Your Goals as a Buyer of Commercial HVAC Replacement Coils


Every company markets themselves and the things that they do well in order to sell products and grow their business. This is an obvious and necessary part of doing business. Businesses have sales goals, objectives, and business plans to achieve. But, buyers of of commercial HVAC replacement coils, and fan coils, heat exchangers, air handlers etc., should have goals as well. See below for an abbreviated set of goals and priorities that one needs to be an effective buyer of coils:

  • Quick Ships:  Every commercial HVAC replacement coils project has an urgency to it. There is no such thing as “ take your time” or “we don’t care”, when the coil arrives on the job-site. Everybody has emergencies and schedules, and every coil has to be on the job-site when you need it there. Your first goal should be to always deal with a coil supplier who can ship quickly and meet YOUR schedules. In real estate, you’re taught “location, location, location”. In the coil business, think “delivery, delivery, delivery”!
  • Minimize Coil Installation Costs:  Your second goal is to minimize the cost of labor on the job as much as possible. In a perfect world, you remove the old coil, slide in the new one; with negligible labor required. In the real world, any job, whether new or replacement, requires installing a coil for the proper duty, size and performance. If you have to spend additional sums of money trying to “jury-rig” the coil to get it to fit and/or work, then you’ve certainly chosen the wrong supplier.
  • Trust the Experts:  Commercial HVAC replacement coils, for the average customer, are not, and should not be their area of expertise. You may be aware of some, or even a lot of the coil’s information, but it’s not your job to know everything. A great industrial coil supplier fills in the information gaps, while acting as a real-time consultant when considering additional options, such as materials, shipping, and performance. In the end, it’s not your job to be 100% responsible. You’re paying a commercial HVAC replacement coils manufacturer/supplier to know more than you and fill in the information gaps when/as needed. Find the correct supplier and put the responsibility on the supplier.
  • Price:  Lastly, there is price. Simply put; price, while important, is ultimately inconsequential if you choose a commercial HVAC replacement coils supplier that can’t accomplish any of the above-mentioned bullet points. The price must obviously be fair, but it’s essential that you need to find a supplier that excels at all four criteria.

Capital Coil & Air is completely open about what you should be searching for in a commercial HVAC replacement coils supplier. Additionally, we’re confident in our abilities to match the standards listed above and be your coil experts. We’d love the opportunity to share our expertise with you and work alongside you to help solve whatever issues you’re experiencing.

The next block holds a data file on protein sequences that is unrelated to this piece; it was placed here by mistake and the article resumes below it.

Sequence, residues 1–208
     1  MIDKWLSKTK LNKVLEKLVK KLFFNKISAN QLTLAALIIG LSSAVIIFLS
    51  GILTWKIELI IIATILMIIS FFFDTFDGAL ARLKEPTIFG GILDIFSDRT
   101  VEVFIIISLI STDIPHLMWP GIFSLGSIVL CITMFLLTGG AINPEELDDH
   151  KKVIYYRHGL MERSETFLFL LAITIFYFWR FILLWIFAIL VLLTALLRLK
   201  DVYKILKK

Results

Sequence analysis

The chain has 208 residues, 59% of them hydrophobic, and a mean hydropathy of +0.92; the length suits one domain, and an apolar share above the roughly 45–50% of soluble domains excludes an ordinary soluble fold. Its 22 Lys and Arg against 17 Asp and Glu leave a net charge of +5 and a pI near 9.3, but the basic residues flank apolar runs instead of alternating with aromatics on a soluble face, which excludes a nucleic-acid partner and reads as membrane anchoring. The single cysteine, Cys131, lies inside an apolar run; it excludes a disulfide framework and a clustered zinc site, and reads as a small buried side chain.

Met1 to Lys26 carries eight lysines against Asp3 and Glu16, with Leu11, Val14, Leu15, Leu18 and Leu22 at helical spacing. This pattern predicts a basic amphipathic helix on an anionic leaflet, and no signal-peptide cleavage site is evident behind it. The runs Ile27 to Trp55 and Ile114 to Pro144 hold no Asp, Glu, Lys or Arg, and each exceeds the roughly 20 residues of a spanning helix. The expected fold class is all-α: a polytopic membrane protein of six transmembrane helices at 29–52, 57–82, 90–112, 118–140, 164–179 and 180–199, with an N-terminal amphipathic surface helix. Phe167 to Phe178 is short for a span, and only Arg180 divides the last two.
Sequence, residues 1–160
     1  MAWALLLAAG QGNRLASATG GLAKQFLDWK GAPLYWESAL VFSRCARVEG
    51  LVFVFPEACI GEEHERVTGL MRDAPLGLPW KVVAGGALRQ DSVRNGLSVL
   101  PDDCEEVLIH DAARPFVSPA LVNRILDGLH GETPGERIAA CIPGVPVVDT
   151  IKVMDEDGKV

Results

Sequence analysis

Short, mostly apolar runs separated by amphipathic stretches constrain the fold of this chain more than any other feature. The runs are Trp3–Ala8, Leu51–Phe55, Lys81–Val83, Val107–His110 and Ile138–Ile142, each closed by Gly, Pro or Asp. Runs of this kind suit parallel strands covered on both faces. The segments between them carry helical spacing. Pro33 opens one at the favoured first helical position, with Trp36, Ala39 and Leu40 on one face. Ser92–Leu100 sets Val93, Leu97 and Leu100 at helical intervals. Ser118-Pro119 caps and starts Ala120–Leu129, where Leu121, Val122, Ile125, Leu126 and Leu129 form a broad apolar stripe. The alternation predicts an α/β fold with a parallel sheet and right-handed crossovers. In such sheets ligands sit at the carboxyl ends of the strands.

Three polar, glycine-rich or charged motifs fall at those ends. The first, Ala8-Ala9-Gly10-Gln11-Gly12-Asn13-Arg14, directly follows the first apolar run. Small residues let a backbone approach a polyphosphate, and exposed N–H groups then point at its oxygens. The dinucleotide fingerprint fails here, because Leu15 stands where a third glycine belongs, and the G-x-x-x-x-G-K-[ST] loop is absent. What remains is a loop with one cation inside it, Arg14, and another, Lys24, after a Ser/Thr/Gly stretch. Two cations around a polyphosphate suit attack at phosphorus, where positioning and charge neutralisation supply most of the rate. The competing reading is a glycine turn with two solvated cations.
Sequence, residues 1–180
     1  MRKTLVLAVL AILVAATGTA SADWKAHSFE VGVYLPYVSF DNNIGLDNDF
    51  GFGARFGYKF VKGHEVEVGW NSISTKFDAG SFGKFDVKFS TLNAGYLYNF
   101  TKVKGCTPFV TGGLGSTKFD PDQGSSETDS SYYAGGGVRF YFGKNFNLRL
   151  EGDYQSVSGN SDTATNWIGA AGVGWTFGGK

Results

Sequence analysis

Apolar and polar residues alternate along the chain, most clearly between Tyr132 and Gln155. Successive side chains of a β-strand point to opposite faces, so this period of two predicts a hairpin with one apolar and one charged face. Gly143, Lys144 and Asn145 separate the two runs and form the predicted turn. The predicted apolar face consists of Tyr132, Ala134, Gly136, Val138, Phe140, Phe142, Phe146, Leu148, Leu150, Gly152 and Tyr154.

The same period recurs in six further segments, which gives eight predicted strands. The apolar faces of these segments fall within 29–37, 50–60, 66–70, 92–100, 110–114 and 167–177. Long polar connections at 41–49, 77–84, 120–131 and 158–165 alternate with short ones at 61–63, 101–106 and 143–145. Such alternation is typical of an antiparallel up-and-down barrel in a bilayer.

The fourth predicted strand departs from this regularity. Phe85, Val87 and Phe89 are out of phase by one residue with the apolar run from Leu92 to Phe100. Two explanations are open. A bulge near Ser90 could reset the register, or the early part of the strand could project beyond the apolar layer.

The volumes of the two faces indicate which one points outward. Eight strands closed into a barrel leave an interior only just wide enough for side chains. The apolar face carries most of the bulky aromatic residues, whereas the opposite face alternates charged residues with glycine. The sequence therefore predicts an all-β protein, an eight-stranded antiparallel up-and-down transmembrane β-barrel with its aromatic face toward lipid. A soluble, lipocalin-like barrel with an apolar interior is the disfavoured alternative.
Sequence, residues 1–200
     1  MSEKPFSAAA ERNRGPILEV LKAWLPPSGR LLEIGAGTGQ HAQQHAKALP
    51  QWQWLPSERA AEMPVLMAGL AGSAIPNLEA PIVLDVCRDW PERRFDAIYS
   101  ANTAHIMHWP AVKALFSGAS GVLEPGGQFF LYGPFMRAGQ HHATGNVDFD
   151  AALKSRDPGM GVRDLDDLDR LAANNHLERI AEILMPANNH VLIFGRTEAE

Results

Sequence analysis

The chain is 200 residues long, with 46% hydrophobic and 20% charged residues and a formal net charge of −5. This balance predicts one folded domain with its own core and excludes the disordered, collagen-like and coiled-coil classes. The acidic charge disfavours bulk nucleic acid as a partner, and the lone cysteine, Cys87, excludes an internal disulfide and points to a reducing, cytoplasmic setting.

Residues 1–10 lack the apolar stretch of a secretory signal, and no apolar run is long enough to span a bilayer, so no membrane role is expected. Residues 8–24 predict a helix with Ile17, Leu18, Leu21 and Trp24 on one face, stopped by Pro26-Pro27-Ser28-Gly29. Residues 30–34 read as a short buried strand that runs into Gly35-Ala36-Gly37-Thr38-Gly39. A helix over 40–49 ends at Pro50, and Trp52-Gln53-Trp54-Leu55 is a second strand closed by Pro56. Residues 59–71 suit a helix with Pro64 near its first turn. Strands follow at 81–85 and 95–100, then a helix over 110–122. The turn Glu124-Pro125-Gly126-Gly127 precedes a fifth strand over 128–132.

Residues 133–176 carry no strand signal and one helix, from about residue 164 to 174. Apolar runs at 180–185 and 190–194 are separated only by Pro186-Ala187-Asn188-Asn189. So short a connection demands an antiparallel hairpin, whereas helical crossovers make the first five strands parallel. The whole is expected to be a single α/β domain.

HVAC Energy Efficiency Ratings; Huh?

According to the U.S. Environmental Protection Agency (EPA), every dollar invested in HVAC energy efficiency can produce a double or triple return on investment. If your equipment is over 10 years old, upgrading to high efficiency equipment can pay for itself in a surprisingly short period of time. But, when looking to purchase or upgrade your equipment, what do HVAC energy acronyms actually mean?

Btu (British Thermal Unit): Most commonly used unit of measure for energy use in heating and cooling equipment: one Btu is the amount of heat required to raise one pound of water by one degree Fahrenheit. The higher the Btu rating, the greater the heating capacity of the system. 

SEER (Seasonal Energy Efficiency Ratio): Essentially, this measures your cooling equipment’s average efficiency over the course of a calendar year. A higher SEER rating equates to greater energy efficiency. Depending on what area of the country you’re in, your equipment should have a rating anywhere from 14-25. While a system with a higher SEER rating may have a higher initial cost, your annual energy savings will more than offset those higher upfront costs. 

EER (Energy Efficient Ratio): Like SEER, EER is also used to measure your system’s efficiency. The terms differ in that EER is calculated under specific test conditions that represent peak load during the highest temperatures of the season, while SEER is measured seasonally over the course of a year. In other words, if your office or business is located in an area with extreme temperature fluctuations, such as Arizona, EER might be a more relevant efficiency rating than SEER. For EER, look for a rating anywhere from 11.5-14.5

In either case, it’s important to look at both to get an accurate idea of the unit’s performance under different operating conditions.